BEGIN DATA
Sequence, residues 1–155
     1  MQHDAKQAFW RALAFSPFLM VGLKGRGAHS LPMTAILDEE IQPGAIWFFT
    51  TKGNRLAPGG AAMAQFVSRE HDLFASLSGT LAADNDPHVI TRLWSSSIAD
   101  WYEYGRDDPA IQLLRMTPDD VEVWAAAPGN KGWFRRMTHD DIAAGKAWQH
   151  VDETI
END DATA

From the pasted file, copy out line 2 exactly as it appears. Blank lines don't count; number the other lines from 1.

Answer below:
     1  MQHDAKQAFW RALAFSPFLM VGLKGRGAHS LPMTAILDEE IQPGAIWFFT